Michael ZuercherB2B software teams are often hesitant to implement an integration platform, or really any third-party platform, out of concern that it will leave them cornered without ways to accomplish what they need. This is an valid concern with integration platforms, because many traditional integration platforms lack flexibility and extensibility.

The reality is, for any integration platform to work in the real world of a B2B software company, it has to be something they can tailor to fit their product, industry, and the way they build software. Some platforms can make it easy to incorporate it into the existing tool chain and build custom components that can be included in integrations.

ET Bureau: What are the strategies you would recommend to reimagine and reutilize integration platforms that can better serve B2B customers?

Michael ZuercherSoftware companies can better serve B2B customers by providing more integrations and a better overall integration experience. An integration platform can help them do that with far less time and effort, and my number one recommendation is to look for an integration platform that was designed specifically for B2B software companies.

Most integration platforms were designed for enterprises and don’t serve software companies very well. It’s just a very different use case, and that leads to all sorts of gaps. Just to name a few: they typically don’t support building reusable integrations that can be deployed to multiple customers with different configurations, don’t offer tools for managing integrations at scale across a broad customer base, don’t provide ways to extend the platform to fit your product and industry.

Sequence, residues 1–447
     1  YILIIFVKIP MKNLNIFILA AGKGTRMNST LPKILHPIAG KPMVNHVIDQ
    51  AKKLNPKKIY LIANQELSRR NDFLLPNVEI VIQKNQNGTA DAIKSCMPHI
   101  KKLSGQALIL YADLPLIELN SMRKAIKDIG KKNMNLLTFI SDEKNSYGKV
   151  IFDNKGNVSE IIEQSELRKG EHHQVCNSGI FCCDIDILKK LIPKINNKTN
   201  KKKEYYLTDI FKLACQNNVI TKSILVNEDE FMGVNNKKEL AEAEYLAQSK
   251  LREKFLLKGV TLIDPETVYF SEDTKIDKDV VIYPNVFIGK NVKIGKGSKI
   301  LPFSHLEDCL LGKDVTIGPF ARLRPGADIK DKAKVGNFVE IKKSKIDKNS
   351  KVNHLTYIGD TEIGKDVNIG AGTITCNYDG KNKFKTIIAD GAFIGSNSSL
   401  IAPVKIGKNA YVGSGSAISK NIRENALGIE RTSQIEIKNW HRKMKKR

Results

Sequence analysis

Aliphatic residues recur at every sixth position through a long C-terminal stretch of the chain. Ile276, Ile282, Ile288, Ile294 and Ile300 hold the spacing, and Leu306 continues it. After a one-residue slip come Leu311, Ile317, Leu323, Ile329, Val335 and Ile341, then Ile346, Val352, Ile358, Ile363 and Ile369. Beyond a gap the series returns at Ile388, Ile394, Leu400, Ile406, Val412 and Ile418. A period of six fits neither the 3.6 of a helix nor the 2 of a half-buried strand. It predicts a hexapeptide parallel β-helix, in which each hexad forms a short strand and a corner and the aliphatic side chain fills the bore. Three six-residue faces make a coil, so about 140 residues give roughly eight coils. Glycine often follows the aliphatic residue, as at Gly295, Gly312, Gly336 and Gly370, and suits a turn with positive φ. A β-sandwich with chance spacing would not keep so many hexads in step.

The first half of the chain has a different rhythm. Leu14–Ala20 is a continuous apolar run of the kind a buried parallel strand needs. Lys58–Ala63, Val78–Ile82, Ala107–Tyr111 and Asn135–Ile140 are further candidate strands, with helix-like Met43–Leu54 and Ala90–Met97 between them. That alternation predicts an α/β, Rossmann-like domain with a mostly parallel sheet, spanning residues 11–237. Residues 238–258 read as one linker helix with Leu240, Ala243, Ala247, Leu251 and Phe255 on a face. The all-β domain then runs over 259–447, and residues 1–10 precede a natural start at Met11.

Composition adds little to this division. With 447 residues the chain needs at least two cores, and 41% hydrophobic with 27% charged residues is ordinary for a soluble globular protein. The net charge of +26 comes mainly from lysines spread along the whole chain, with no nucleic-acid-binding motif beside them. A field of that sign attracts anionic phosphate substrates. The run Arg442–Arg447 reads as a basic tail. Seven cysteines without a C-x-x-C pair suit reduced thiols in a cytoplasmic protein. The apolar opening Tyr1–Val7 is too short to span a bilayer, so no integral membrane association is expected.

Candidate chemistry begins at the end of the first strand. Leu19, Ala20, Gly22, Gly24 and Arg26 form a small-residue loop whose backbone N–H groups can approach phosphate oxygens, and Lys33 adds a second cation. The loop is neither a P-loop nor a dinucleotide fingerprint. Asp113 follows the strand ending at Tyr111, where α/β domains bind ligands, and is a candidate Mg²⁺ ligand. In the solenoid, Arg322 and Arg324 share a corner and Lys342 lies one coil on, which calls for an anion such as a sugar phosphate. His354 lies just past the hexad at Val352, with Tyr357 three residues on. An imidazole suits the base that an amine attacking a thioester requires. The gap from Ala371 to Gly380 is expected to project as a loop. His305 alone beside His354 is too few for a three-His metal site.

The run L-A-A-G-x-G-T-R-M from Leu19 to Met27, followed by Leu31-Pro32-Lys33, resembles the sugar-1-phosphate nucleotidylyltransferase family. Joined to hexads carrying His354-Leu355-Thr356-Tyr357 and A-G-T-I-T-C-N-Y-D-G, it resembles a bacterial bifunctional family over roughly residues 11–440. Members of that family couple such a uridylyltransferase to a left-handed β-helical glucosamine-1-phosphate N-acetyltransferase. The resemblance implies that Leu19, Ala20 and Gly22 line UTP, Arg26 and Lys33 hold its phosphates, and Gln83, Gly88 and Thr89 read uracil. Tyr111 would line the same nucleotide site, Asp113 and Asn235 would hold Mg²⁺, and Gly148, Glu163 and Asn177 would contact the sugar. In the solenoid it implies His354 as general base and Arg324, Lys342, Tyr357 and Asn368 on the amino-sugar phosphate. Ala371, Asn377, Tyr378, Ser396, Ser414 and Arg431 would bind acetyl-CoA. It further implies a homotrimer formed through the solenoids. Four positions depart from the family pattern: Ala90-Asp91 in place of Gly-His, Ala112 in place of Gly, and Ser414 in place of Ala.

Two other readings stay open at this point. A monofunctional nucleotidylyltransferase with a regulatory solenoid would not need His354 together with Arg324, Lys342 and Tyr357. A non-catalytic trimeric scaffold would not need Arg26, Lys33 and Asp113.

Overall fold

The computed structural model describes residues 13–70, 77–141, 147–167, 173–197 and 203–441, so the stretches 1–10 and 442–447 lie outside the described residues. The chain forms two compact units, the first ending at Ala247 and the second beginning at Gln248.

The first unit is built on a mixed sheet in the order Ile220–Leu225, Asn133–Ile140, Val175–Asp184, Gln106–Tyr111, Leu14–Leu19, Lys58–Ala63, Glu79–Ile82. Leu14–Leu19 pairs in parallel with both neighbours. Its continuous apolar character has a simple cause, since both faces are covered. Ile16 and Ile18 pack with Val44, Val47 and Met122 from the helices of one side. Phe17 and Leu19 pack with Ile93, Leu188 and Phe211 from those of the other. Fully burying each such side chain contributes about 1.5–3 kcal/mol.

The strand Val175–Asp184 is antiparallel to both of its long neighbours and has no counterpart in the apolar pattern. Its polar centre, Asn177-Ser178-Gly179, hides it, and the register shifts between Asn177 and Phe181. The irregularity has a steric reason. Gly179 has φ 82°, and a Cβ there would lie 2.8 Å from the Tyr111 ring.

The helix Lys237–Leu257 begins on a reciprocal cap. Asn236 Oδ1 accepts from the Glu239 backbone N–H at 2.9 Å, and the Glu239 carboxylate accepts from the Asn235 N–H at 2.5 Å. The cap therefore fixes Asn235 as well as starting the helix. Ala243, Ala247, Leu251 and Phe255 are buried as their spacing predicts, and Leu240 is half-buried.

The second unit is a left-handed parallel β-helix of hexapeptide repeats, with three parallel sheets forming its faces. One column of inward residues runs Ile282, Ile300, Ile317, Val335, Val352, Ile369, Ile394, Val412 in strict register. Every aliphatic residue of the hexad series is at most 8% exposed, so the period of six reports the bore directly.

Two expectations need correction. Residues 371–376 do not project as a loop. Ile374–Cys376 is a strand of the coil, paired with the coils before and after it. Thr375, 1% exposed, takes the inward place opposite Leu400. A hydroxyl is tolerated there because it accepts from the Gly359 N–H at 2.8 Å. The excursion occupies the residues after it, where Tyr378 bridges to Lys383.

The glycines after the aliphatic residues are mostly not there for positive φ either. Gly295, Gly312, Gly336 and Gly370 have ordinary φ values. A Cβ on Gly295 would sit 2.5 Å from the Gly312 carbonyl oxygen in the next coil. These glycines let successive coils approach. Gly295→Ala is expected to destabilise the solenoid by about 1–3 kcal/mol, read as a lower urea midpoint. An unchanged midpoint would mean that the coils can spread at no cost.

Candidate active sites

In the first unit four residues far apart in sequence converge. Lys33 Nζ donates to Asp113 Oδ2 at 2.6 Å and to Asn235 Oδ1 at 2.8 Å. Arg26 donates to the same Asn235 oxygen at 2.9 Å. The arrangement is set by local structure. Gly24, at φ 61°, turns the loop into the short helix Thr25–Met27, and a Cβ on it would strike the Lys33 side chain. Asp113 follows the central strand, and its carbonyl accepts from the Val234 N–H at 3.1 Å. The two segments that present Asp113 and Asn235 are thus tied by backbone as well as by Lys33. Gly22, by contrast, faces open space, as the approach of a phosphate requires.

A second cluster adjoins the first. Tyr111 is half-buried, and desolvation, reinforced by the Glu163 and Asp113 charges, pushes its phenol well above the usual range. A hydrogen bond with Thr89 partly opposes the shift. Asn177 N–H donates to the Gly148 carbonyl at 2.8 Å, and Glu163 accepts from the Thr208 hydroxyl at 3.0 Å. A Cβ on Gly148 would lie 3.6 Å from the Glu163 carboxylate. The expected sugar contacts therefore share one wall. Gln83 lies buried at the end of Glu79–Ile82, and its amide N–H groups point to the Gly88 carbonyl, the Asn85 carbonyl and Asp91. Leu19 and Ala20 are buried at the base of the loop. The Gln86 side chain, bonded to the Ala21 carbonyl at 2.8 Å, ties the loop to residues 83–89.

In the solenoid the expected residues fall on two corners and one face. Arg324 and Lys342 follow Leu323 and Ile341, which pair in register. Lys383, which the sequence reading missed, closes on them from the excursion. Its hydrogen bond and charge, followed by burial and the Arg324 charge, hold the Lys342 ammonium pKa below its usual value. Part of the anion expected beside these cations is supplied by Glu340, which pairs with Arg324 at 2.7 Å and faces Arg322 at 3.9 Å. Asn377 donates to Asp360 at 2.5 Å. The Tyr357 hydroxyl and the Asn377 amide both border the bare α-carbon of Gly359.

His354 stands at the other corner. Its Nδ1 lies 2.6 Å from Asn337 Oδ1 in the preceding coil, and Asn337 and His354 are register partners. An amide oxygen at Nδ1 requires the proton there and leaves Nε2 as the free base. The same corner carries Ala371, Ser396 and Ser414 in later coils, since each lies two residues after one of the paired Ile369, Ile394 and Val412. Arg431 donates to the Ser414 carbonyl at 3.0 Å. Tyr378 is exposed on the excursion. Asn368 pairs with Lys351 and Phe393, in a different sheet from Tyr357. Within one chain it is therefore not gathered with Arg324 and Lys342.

B2B software companies typically benefit far more from an integration platform built specifically for their use case because they handle all the extra challenges that come with building and supporting integrations for customers.

ET Bureau: What technological advancements should be planned to help improve the efficiency of integration platforms?

Michael ZuercherAs integration demand continues to intensify, many efficiency-minded software companies will shift from delivering integrations as services to a more productized integration strategy. As embedded integration platforms evolve, they should focus on helping software companies make that shift.

Service-based integration models involve building integrations one by one to satisfy individual customer needs. This strategy typically works well for a product’s first few integrations but doesn’t scale well to building and maintaining a large collection of integrations for a growing customer base. Furthermore, integrations delivered as services typically lack a polished user experience.

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On the other hand, a productized integration strategy entails building integrations in a reusable way intended for use by many customers, which are implemented with all the configurability, polish, and ease of use that comes with core product features. Productized integrations reduce the distinct number of integrations companies must build and maintain, leading to both significant efficiency wins and better user experiences.

Michael Zuercher is CEO and co-founder of Prismatic, the embedded integration platform for B2B software companies. A veteran of the software industry, he passionately believes that B2B software companies need a better way to build and deploy integrations. Founded on this vision, Prismatic provides software teams exactly that.